Successful implementation of a medication safety program for Aboriginal Health Practitioners in rural Australia

Hanan Khalil

Research output: Contribution to journalArticleResearchpeer-review

Abstract

Objective: This study describes the development and implementation of a medication safety program for Aboriginal Health Practitioners practising in rural Australia. Design: A two-stage process was used to develop and implement the medication safety program. Initially, a total of eight semi-structured interviews was undertaken with Aboriginal Health Practitioners to identify the main challenges faced while implementing medication safety in the organisation. This was followed by the development of a culturally appropriate medication safety program. Setting: Aboriginal Community Controlled Health Service. Participants: Aboriginal Health Practitioners. Main outcome measure: The participants' knowledge, confidence, behaviour, and utilisation of medication safety developed resources. Results: The development and implementation of the medication safety program in the Aboriginal Community Controlled Health Service consisted of addressing the barriers to medication safety cited by the Aboriginal Health Practitioner from the interviews, providing face-to-face educational sessions and developing a culturally appropriate educational resource to address the identified gaps. The program developed was evaluated by 17 Aboriginal Health Practitioners who took part in the study. The evaluation of Aboriginal Health Practitioners' knowledge, confidence, behaviour, utilisation of the medication safety program and resources was undertaken using an anonymous survey. A total of 31 participants completed the survey: 17 before the training and 14 at 6 months post-training. The data analysis, using t test, revealed a statistically significant change in the Aboriginal Health Practitioners' knowledge, confidence, behaviour and utilisation. Conclusion: The success of the implementation of a collaborative medication safety program within the Aboriginal Community Controlled Health Service is dependent on understanding the barriers to medication safety in the workplace associated within the organisation and emphasising a wide culture of patient safety.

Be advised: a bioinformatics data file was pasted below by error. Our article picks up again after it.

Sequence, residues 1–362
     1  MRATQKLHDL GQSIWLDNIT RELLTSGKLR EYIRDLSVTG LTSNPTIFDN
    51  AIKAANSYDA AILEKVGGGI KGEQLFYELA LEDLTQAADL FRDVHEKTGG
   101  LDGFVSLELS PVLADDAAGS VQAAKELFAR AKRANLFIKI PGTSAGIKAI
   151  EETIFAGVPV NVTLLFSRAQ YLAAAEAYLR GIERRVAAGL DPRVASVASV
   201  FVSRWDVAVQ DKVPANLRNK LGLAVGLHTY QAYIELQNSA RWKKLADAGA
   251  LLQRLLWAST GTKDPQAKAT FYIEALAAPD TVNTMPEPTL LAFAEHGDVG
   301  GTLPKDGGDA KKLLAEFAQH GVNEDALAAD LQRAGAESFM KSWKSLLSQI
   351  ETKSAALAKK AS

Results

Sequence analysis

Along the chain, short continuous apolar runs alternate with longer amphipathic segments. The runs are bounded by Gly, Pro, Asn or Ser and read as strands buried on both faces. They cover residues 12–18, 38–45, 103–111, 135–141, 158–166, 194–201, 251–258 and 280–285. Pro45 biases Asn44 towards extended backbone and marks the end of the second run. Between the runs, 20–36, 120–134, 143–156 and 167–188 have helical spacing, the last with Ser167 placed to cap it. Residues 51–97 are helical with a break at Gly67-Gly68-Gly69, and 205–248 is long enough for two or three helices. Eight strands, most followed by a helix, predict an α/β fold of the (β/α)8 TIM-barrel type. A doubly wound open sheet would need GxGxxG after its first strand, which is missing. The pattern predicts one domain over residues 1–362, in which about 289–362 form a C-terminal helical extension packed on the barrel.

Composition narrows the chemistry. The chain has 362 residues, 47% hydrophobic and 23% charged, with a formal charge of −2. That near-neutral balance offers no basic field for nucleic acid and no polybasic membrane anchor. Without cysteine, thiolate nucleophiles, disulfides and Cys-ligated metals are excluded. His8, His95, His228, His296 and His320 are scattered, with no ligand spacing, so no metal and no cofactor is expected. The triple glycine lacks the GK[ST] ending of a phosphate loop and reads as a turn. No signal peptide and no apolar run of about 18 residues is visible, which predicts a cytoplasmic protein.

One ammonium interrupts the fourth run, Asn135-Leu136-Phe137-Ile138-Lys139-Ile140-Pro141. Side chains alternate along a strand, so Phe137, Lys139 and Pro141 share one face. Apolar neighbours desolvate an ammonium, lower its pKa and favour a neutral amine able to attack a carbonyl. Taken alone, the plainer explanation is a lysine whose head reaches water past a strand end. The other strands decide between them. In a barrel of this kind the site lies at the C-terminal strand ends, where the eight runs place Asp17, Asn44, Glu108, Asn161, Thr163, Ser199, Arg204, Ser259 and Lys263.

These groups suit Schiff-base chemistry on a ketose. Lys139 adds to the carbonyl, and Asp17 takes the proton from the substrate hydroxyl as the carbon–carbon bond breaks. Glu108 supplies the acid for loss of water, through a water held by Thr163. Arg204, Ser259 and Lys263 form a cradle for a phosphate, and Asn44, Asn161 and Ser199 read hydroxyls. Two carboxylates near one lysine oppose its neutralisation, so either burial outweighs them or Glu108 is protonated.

Original languageEnglish
Pages (from-to)158-163
Number of pages6
JournalAustralian Journal of Rural Health
Volume27
Issue number2
DOIs
Publication statusPublished - 1 Apr 2019

Keywords

  • barriers
  • educational program
  • evaluation
  • implementation
  • online resource
  • safety

Cite this

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abstract = "Objective: This study describes the development and implementation of a medication safety program for Aboriginal Health Practitioners practising in rural Australia. Design: A two-stage process was used to develop and implement the medication safety program. Initially, a total of eight semi-structured interviews was undertaken with Aboriginal Health Practitioners to identify the main challenges faced while implementing medication safety in the organisation. This was followed by the development of a culturally appropriate medication safety program. Setting: Aboriginal Community Controlled Health Service. Participants: Aboriginal Health Practitioners. Main outcome measure: The participants' knowledge, confidence, behaviour, and utilisation of medication safety developed resources. Results: The development and implementation of the medication safety program in the Aboriginal Community Controlled Health Service consisted of addressing the barriers to medication safety cited by the Aboriginal Health Practitioner from the interviews, providing face-to-face educational sessions and developing a culturally appropriate educational resource to address the identified gaps. The program developed was evaluated by 17 Aboriginal Health Practitioners who took part in the study. The evaluation of Aboriginal Health Practitioners' knowledge, confidence, behaviour, utilisation of the medication safety program and resources was undertaken using an anonymous survey. A total of 31 participants completed the survey: 17 before the training and 14 at 6 months post-training. The data analysis, using t test, revealed a statistically significant change in the Aboriginal Health Practitioners' knowledge, confidence, behaviour and utilisation. Conclusion: The success of the implementation of a collaborative medication safety program within the Aboriginal Community Controlled Health Service is dependent on understanding the barriers to medication safety in the workplace associated within the organisation and emphasising a wide culture of patient safety.",
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Successful implementation of a medication safety program for Aboriginal Health Practitioners in rural Australia. / Khalil, Hanan.

In: Australian Journal of Rural Health, Vol. 27, No. 2, 01.04.2019, p. 158-163.

Research output: Contribution to journalArticleResearchpeer-review

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